Using lactate threshold to predict 5-km treadmill running performance in veteran athletes Jacky Forsyth, Dean Burt, Fiona Ridley, Christopher Mann Biol Sport 2017; 34(3):233-237 ICID: 1231150
Article type: Original article
IC™ Value: 10.00
Abstract provided by Publisher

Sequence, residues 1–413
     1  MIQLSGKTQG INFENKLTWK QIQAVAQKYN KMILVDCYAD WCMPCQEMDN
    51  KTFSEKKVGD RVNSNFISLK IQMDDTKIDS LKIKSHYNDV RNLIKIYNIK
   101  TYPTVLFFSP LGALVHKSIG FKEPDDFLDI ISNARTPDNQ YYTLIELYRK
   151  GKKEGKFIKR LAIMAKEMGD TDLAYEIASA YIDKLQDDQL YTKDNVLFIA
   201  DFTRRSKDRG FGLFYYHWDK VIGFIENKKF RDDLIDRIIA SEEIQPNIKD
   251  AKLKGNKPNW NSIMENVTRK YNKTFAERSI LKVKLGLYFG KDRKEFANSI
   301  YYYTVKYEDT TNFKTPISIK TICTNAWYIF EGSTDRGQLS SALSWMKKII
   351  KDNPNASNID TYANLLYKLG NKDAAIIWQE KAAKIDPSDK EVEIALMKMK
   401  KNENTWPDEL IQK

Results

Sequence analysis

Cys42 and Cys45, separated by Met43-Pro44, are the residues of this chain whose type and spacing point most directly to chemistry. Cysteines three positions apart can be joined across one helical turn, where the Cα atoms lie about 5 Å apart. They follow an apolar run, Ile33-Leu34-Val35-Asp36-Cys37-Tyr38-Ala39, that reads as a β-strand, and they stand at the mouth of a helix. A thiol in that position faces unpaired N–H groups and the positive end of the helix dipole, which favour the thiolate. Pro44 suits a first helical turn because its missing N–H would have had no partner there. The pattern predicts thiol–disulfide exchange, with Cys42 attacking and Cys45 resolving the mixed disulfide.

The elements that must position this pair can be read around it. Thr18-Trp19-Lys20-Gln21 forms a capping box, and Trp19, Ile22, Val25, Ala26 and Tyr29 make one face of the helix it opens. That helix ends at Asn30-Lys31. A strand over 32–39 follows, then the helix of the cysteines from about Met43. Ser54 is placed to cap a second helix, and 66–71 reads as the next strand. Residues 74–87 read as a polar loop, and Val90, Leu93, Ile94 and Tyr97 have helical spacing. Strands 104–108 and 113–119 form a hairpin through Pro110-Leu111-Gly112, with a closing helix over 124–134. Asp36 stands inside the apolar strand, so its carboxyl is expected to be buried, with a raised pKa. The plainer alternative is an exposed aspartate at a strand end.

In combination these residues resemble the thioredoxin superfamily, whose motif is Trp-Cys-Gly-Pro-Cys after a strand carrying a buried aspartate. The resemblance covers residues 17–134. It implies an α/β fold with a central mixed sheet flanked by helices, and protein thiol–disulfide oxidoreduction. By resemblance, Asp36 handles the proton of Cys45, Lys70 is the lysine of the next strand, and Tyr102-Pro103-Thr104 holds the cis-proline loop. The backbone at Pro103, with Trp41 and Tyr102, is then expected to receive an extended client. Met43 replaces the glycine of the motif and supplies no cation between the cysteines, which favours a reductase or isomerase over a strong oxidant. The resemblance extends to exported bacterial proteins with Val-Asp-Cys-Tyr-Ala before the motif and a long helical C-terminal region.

Measuring lactate threshold to predict endurance performance is difficult among veteran athletes, due to age-related decreases in net lactate concentration. The objective of this study was to determine whether lactate threshold, as assessed using the maximal deviation method (Dmax), which is not dependent on net values of lactate, could be used as a more valid measure of 5-km treadmill running performance than other methods of determining lactate threshold. Veteran runners (18 male and 18 female, aged 47.3±6.7 years) performed an incremental exercise test to establish mean treadmill velocity at lactate threshold using Dmax, a log-log method, a visual method, and a 4-mmol.L-1 method, and, on a separate occasion, completed a 5-km time trial. Mean treadmill velocity at Dmax was 12.2±1.8 km.h-1, not being significantly different to mean treadmill velocity (12.1±1.8 km.h-1) attained during the 5-km time trial (p>0.05); velocities were also significantly correlated (r=0.92, p<0.001), and limits of agreement narrow (-1.61 to 1.35 km.h-1). Correlations were weaker and limits of agreement wider for the other methods of lactate threshold determination. Using a two-way, mixed-methods ANOVA, there was no significant effect of sex when using the different methods of determining Tlac (F4,136=3.70, p=0.15). Mean treadmill velocity, when using Dmax for determining lactate threshold, can be used to predict 5-km running performance among male and female veteran athletes.